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Merriam-Webster adds ‘Yoopers’ to dictionary

In this May 15, 2014 photo, “Yooper,” one of the 150 new words appearing in Merriam-Webster's Collegiate Dictionary and the company's free online database appears on page 1454 of the printed edition of the dictionary in New York. The term refers to native or longtime residents of the Michigan’s Lake Superior region known for a distinctive manner of speaking and its Scandinavian roots. Many of the other new words and terms stem from digital life and social media; spoiler alert; hashtag; selfie and tweep, while others are food driven, including pho and turducken, a boneless chicken stuffed with a boneless duck stuffed with a boneless turkey. (AP Photo/Mark Lennihan)

In this May 15, 2014 photo, “Yooper,” one of the 150 new words appearing in Merriam-Webster's Collegiate Dictionary and the company's free online database appears on page 1454 of the printed edition of the dictionary in New York. The term refers to native or longtime residents of the Michigan’s Lake Superior region known for a distinctive manner of speaking and its Scandinavian roots. Many of the other new words and terms stem from digital life and social media; spoiler alert; hashtag; selfie and tweep, while others are food driven, including pho and turducken, a boneless chicken stuffed with a boneless duck stuffed with a boneless turkey. (AP Photo/Mark Lennihan)

NEW YORK — Da “Yoopers” up dere in da U.P., Michigan’s Upper Peninsula, have hit it big with inclusion of their nickname in Merriam-Webster’s Collegiate Dictionary and the company’s free online database.

The moniker for native or longtime residents of the Lake Superior region known for a distinctive manner of speaking and its Scandinavian roots was among about 150 new words announced Monday by the Springfield, Mass., company.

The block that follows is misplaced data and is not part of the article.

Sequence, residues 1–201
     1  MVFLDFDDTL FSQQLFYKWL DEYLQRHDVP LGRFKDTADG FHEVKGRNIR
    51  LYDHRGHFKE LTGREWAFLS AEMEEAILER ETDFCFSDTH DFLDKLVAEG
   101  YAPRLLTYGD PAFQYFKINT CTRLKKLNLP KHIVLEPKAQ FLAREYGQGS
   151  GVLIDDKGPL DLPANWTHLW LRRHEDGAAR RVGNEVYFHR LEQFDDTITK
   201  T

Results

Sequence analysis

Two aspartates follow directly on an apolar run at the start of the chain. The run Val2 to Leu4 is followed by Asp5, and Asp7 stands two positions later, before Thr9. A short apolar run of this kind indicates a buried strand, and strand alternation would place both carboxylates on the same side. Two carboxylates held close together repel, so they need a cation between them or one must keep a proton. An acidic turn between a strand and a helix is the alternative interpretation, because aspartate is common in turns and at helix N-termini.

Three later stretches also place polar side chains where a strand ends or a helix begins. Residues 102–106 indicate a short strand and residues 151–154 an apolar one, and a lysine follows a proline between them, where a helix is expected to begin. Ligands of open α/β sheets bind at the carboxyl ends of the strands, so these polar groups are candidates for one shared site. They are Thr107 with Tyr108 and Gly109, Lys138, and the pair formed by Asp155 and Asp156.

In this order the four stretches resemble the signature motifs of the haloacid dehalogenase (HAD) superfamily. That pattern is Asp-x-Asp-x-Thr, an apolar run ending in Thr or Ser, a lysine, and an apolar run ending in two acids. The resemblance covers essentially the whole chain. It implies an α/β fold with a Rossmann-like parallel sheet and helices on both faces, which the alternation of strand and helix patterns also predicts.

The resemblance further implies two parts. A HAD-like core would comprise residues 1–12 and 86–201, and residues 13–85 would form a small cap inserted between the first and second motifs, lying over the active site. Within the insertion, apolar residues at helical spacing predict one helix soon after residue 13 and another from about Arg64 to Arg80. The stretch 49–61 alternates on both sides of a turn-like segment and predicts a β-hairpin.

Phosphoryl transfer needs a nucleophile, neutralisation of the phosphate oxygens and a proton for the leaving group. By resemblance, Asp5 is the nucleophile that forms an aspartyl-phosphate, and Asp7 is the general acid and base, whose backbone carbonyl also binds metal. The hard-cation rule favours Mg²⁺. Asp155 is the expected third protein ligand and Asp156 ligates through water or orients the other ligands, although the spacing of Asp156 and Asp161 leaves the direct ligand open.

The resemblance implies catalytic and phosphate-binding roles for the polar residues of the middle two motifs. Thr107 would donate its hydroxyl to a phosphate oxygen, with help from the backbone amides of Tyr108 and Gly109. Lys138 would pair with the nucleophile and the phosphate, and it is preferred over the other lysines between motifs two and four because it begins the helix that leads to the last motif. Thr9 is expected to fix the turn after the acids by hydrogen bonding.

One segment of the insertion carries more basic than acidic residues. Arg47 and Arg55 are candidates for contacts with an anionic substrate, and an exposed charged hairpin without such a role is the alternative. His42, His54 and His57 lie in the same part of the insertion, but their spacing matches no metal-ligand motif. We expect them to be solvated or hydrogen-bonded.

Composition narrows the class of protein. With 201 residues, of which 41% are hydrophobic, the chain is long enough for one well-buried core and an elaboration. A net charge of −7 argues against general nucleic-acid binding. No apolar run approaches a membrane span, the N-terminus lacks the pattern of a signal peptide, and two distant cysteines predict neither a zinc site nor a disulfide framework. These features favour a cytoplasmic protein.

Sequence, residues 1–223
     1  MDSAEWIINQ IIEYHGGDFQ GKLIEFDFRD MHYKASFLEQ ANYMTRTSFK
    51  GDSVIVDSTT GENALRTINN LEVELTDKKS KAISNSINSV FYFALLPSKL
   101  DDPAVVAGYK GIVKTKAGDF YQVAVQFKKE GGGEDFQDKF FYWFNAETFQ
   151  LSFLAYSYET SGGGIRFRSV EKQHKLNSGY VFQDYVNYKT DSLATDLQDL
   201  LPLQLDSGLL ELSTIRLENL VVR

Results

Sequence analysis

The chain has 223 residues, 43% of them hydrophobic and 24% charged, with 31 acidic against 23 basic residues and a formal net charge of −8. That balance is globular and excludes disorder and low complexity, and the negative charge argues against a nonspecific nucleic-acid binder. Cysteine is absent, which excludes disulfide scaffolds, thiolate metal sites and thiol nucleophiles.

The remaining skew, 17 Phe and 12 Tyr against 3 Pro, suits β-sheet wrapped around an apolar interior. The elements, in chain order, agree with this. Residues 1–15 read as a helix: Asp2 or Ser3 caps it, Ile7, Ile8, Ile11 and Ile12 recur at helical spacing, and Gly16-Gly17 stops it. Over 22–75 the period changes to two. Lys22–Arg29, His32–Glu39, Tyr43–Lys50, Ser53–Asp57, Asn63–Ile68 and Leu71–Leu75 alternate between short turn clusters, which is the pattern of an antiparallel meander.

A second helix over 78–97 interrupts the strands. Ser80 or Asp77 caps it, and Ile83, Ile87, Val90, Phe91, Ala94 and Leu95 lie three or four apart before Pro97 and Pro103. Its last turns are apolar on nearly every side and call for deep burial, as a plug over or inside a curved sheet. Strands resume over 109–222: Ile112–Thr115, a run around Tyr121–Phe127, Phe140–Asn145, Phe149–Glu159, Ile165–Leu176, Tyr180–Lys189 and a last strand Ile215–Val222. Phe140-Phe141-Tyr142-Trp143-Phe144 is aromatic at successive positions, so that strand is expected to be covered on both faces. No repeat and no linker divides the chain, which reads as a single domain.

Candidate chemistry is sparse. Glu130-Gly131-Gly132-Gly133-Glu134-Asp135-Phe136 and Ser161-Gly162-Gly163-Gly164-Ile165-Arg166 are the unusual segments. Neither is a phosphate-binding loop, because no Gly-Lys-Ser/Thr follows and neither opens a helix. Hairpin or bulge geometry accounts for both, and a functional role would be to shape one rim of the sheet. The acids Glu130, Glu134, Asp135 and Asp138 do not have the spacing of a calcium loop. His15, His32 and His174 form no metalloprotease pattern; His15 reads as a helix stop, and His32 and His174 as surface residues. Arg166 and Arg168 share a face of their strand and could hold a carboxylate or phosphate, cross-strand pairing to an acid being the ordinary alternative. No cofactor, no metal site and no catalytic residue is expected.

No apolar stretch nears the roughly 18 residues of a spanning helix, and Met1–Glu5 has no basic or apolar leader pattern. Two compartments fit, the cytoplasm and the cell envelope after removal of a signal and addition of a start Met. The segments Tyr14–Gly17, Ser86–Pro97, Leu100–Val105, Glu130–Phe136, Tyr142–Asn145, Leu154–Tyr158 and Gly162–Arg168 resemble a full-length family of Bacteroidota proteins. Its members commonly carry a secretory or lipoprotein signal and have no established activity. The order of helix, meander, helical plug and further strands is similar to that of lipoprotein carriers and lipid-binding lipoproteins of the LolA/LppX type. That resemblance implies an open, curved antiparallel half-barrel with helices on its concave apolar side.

But really? Is Yooper as recognizable as, say, the Yankees of New England? Peter Sokolowski, a lexicographer and editor at large for Merriam-Webster, insists it has crossed from regional to more general usage.

“Plus, it’s just a really colorful word,” he said.

Many of the other new words and terms stem from digital life and social media — spoiler alert, hashtag, selfie and tweep — while others are food-driven, including pho and turducken, a boneless chicken stuffed into a boneless duck stuffed into a boneless turkey.

Climate change and the environment did not go unnoticed, with the addition of cap-and-trade. Fracking also made it into the update, which has already shipped to retailers. So did e-waste and freegan, one who scavenges for free food in store and restaurant trash bins as a way to reduce consumption of resources.

Other new words in the popular dictionary and at Merriam-webster.com:

Catfish (not the fish but the person who takes on a false online identity, a la the phantom girlfriend of football pro Manti Te’o); poutine, a French-Canadian snack of french fries covered with brown gravy and cheese curds; steampunk, a literary genre with dress-up followers that mashes up 19th-century societies with steam-powered technology; unfriend, which joins defriend; and hot spot, a place where Wi-Fi is available.

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